You’ve got a great keyword in mind for which you want to rank.
You might even already have well-researched and value-adding content to back it up.
Now, how do you optimise the page so that Google and other search engines not only understand what the page is all about, but also realise that the page deserves a spot at the top of the search results?
Enter: on-page SEO.
What is on-page SEO?
On-page SEO is the digital marketing practice of optimising a web for search engines like Google. It’s done so that search engines can find the page and register it for the keywords it’s trying to rank for. When done well, on-page SEO not only signals to search engines what the page should rank for, but it also gives readers a clear idea of what they should expect before clicking on the page. It also gives users a good browsing experience while they’re on the page or website.
Now that we know what is on-page SEO, let’s move on to another question that many website owners ask.
Why is on-page SEO important?
On-page SEO tells search engines like Google who you are, what your website is about and the keywords you should appear for on the first page of search results. Without on-page SEO, your site will end up buried deep down within millions of other websites or worse, it won’t be indexed at all by Google, making it basically non-existent on search results. Getting indexed by Google is crucial because when you get successfully indexed, you’ll gain more traffic and whenever you post fresh content, it will be discovered more quickly.
Without on-page SEO, neither Google nor any other search engine will be able to effectively crawl your website. Therefore, it won’t be able to send you any traffic. No traffic means no leads or conversions from your site.
As intelligent as the Google crawler bots may be, at the end of the day they’re still what they are — bots. The algorithm is such that each time a user makes a search query, the bots crawl through billions of web pages to identify websites or web pages that are most relevant to the search query. These crawler bots have to be told explicitly what keywords you’re trying to rank for, which means feeding them as much information as possible.
However, you shouldn’t focus too much on optimising web pages for Google’s crawler bots only. That’s not just what on-page SEO is all about. While, yes, the content has to be optimised for bots, it’s also important for your on-page content to be readable and valuable for users.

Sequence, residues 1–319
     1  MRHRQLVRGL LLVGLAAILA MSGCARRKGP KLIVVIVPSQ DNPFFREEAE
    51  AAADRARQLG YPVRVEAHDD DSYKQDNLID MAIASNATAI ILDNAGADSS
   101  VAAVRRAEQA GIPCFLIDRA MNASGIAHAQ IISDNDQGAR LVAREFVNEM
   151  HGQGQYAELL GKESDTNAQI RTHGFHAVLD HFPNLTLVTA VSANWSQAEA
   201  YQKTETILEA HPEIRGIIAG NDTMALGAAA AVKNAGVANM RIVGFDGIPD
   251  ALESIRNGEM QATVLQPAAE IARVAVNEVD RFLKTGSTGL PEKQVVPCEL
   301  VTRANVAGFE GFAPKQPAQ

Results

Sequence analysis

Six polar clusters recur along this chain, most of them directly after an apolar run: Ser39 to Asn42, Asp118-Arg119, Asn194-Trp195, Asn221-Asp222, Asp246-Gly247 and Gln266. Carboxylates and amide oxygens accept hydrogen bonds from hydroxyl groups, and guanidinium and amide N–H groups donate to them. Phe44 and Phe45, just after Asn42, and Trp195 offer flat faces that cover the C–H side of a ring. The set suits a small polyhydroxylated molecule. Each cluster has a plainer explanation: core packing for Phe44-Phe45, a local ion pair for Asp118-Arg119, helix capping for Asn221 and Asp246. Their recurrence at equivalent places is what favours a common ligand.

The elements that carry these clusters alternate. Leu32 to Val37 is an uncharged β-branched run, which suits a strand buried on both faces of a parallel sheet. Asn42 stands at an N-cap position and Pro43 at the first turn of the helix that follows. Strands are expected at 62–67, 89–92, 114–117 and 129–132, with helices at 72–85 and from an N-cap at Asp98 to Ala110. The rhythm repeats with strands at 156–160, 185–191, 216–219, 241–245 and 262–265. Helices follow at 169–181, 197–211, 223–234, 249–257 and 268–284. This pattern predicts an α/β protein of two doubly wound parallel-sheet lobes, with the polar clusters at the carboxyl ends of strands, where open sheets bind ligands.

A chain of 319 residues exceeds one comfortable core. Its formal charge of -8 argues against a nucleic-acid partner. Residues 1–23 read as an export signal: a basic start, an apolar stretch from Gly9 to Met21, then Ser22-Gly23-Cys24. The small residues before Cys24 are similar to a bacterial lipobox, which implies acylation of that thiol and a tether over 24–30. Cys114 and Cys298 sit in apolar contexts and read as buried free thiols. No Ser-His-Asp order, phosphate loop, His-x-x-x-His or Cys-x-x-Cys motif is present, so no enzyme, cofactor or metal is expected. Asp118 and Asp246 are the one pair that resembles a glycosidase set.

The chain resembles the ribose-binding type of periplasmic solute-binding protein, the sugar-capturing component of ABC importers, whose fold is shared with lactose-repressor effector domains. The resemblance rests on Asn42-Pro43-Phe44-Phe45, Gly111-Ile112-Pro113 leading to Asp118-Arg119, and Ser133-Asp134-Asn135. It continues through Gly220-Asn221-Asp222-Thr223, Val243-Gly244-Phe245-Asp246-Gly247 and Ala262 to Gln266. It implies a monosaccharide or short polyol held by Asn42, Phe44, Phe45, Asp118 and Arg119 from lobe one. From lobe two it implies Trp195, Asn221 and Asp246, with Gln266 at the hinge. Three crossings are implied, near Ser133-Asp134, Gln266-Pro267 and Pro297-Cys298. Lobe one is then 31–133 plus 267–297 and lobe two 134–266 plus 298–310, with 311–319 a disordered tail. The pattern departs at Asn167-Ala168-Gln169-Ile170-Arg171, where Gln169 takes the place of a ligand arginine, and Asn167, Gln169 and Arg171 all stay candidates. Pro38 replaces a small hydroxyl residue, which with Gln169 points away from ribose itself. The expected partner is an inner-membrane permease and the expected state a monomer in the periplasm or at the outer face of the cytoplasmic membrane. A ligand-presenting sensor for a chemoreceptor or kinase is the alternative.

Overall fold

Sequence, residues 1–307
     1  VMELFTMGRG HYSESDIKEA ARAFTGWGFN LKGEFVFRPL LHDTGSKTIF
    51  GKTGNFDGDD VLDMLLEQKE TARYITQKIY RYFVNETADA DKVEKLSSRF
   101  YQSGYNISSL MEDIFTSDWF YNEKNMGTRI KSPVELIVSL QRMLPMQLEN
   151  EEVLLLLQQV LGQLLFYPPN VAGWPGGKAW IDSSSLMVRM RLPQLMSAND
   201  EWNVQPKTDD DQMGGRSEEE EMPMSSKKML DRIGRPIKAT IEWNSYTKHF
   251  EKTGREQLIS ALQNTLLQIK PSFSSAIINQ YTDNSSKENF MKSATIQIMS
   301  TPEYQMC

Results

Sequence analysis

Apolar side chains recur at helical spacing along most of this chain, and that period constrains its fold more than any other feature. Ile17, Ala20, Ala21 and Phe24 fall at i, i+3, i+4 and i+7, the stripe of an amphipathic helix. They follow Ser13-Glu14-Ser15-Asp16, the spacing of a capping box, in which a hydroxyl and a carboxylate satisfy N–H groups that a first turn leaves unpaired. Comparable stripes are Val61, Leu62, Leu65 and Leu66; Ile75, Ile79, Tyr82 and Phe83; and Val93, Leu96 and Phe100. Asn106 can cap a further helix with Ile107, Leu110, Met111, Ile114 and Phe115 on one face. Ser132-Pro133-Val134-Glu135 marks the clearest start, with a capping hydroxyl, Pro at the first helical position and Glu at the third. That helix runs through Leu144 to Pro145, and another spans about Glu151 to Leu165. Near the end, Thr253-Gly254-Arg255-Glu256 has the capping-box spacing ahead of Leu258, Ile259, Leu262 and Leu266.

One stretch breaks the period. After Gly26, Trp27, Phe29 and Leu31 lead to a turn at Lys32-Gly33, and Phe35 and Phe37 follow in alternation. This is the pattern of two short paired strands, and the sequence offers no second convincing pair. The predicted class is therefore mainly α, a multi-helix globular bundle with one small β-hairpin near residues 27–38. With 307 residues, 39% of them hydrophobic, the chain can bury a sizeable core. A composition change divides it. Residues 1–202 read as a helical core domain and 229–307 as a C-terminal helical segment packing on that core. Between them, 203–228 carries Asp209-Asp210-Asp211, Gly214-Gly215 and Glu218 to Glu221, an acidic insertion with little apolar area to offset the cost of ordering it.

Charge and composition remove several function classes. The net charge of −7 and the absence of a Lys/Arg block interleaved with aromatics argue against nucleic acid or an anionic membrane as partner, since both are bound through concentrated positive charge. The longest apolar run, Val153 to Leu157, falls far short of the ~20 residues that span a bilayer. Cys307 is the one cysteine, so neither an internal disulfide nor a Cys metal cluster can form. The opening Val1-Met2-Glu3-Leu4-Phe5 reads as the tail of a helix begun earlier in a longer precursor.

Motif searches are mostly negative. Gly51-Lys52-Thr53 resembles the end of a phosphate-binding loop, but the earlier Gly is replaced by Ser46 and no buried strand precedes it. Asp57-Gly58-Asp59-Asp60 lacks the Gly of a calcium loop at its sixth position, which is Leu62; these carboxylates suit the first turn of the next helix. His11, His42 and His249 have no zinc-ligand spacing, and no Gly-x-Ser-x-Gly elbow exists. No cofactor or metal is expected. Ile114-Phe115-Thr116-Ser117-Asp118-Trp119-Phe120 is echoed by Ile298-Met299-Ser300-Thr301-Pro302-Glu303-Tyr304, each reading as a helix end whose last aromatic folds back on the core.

How exactly do you do this?
This brings us to our next section.
What are the important ranking factors of on-page SEO?
Have you ever heard of a free SEO audit tool? It’s pretty neat.
An SEO audit tool analyses your website’s performance and pinpoints which elements you need to optimise. It’s basically a detailed report with actionable insights on how to increase your site’s organic traffic.
In an SEO audit, these are the main aspects of on-page SEO that can have a significant impact on your overall rankings:
- Title Tags
- Meta Descriptions
- URL Structure
- Internal and external link building
- Page Load Speed
According to Google Webmaster Guidelines, great content is still the first step in creating a Google-friendly site. That’s because Google wants to bring searchers to pages with great content, which is why sites with quality content simply rank higher. Producing content that users find valuable also demonstrate your Expertise, Authoritativeness and Trustworthiness (otherwise known as E-A-T), which is a big ranking factor.
The key is to provide high-quality and useful information, especially on your homepage. This will entice webmasters to link to your site and attract many visitors. To create an information-rich and helpful site, write pages that accurately and clearly describe your topic. Think about the words users would search for to find your pages and include those words when writing your content.
Title tags make the first impression to potential visitors, which is why they should be precise descriptions of the content of your pages. Search engine crawlers largely consider titles when determining a page’s relevancy to a search query, which makes them heavily weighted on-page SEO ranking factors.
Studies also show that users only read around the first 11 characters of content when they scan through a list of items. It’s best to place your keywords closer to the beginning of the titles for both users and bots. However, don’t stuff your title tags with multiple keywords. It’s not ideal for users and you’ll also get penalised by search engines.